Wednesday, June 25, 2008

Speed Is Of The Essence

When a literary agent updates their page at Publishers Marketplace, I'm sure they're looking for fresh meat. Why else would they put their name at the top of the list, if not to attract the unpublished?

With that in mind, I caught sight of Kathryn Green's listing. Her interests match up with one of my manuscripts, so why not give it a go? Click send, and the query was away. Within hours, she clicked reply and the rejection was in my inbox.

But what about the other manuscript I've started to re-query after a long absence? Will a new perspective help move it along? The beginning's been re-written, even more literary than before, so who's out there?

I cut and pasted the query into shape, following the submission guidelines, avoiding any and all attachments. Away goes the letter to Tracy Brown, whose only fiction interests are literary. A few hours later, and it's a no.

So, is it a quick response because the agents are on top of their incoming mail? Or is it a quick rejection because it's summer coming in and no one wants to deal with a heavy workload when Fridays are half days and the beach is beckoning.


Aeneas said...

Okay, just for hahaha, to test the belief that there's just a simple automatic rejection letter response that kicks in and to see how quickly I get an answer (believe me, this is not serious... as I am sending my most un-serious, baddest writing; and after you've seen Wolves, you have an idea how BAD is bad), I've sent a query to Monsieur Tracy Brown. ***dissolves in laughter***

Hey, I'm an engineer! I like experiments!

O hAnnrachainn said...

Considering the Friday half-day custom, you may not hear back for a while.

That's the problem with experiments when there's too many variables to control.

Aeneas said...

I've sent it out last night, near midnight. So... it's today and half of tomorrow.

They're at the beach? Being in California, allow me to say--BEACH? Oh... that pathetic strip of sand we laughingly call a beach.

Sorry... a little venom here. Mwahahahaha.

It's noon right now in the Upper Ruthenia of Agentland. Waiting for the lightening bolt to hit and split me in two.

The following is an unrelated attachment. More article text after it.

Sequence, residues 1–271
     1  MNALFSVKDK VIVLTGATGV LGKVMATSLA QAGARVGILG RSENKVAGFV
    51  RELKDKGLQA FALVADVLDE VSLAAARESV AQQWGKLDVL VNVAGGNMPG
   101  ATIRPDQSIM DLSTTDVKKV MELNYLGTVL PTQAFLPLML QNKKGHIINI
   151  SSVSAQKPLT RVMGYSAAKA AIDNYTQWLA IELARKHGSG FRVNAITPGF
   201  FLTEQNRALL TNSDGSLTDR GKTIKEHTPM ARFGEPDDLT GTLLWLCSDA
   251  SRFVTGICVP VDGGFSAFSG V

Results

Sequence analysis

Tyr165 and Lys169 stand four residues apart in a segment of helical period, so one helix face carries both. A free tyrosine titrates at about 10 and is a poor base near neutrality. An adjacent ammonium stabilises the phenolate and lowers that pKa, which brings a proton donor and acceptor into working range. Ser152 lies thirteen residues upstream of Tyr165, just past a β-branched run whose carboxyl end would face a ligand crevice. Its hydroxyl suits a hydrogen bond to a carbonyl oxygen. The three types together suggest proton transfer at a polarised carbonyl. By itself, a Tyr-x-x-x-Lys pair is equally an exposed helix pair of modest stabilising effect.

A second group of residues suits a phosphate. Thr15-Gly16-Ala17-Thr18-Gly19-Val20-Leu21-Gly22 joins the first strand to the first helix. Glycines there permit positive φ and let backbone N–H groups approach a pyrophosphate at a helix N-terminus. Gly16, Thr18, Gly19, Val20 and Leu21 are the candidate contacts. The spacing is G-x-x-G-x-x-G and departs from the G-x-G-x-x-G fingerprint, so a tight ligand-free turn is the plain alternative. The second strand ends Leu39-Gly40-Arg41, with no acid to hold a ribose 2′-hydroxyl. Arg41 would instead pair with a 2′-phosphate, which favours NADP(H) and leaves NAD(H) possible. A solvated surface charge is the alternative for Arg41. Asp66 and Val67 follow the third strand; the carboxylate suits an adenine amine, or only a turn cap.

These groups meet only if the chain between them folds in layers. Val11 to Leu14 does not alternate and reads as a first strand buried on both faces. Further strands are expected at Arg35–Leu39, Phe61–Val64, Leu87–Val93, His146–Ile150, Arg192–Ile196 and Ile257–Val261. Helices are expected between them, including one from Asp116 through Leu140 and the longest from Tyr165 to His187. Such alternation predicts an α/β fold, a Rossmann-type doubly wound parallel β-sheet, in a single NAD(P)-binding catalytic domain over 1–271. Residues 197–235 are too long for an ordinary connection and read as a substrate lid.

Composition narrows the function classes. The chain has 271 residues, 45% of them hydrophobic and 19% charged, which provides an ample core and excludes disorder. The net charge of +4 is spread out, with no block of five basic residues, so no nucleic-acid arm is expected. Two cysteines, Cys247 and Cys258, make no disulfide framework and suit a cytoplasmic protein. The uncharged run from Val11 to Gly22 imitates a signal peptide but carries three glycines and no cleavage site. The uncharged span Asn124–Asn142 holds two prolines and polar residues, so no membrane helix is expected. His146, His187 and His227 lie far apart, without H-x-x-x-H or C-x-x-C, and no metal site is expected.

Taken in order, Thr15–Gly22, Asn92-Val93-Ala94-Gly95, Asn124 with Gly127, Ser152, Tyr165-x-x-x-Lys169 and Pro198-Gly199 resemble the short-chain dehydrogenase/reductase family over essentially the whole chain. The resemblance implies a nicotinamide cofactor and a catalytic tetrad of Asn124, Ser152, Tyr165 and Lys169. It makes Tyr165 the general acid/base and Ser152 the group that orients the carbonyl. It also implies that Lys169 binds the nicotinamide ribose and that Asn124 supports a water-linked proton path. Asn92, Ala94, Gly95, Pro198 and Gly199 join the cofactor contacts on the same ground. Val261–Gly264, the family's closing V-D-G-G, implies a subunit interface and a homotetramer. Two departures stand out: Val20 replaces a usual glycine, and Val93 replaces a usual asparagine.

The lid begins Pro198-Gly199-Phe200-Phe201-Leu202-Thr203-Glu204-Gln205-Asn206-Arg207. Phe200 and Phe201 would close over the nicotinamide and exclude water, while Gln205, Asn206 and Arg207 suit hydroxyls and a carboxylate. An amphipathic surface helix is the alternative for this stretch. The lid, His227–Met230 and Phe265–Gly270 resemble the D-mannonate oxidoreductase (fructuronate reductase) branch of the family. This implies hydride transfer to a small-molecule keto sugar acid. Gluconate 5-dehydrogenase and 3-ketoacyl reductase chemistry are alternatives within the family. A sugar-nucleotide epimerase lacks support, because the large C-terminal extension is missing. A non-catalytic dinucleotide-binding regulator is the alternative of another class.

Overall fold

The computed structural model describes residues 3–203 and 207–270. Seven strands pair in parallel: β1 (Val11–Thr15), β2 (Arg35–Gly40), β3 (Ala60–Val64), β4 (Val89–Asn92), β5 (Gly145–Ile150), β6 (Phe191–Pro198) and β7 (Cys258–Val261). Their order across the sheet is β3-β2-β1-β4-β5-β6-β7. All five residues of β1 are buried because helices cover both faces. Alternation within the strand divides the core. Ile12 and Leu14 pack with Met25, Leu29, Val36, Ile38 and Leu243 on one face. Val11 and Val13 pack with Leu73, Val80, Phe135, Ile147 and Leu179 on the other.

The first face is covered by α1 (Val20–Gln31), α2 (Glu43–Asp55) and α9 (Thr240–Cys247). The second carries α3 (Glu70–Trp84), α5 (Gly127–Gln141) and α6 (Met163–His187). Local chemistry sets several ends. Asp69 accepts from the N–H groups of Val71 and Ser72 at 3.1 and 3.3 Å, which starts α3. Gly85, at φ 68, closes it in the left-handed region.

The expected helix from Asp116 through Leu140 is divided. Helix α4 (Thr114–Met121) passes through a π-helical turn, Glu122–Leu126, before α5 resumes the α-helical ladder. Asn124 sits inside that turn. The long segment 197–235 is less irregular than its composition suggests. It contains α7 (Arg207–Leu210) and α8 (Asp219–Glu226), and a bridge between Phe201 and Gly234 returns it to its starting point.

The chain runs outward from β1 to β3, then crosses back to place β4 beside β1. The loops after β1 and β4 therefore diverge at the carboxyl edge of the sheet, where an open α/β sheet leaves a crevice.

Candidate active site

BTW. Have a nice long weekend! I've got traffic school on Saturday for a traffic violation; first ever in my life. Eight hours... May be I'll write a book during that time.

Aeneas said...

Ok... just got the confirmation that the email was delivered

Clock is ticking... ticking... ticking...

O hAnnrachainn said...

How did you get confirmation? I've heard that agents don't like answering the typical delivery confirmation question and often delete e-mails that ask them to verify they've received it.

But what if he asks for pages? Maybe what you think is bad is actually rather good?

Aeneas said...

Oh, CRAP! The experiment failed. We now know why I got the 'read' notification.

He asked for 100 pages... and I don't have the will power not to send it. Crap, crap, crap. Now I've earned myself a 'real' rejection, not just one of those humbug ones for a three line query, which means that after I receive this said reject letter I'll enter three days of utter, complete, deep funk and self pity, and full wallow in writer victimhood.

Uh... Honestly, I'm embarassed.

O hAnnrachainn said...

You've polished a query letter into effectiveness. Now you have to do the same to the manuscript. And with the clock ticking, you're in a tight spot.

Best of luck to you.

Unknown said...

It was a six line email, three of which made up the 'hook', or the briefest of 'what is it about.' I learned such brevity from pitching screenplays, and it was quite successful there (the movie didn't get made, alas, as it is the case more often than not with these things, but it snagged major director.)

Anyway, sent the first 106 pages today (email). I am not polishing anything. The days when I waste my time on such things are gone. We'll see now.

BTW, I didn't get any kind of answer from the other experiment, Ms. Green. Just that it was delivered notice. May be she deleted the whole email without reading because of the 'read' notification. So, the experiment is failing. Not miserably, but failing. As you said, too many variables.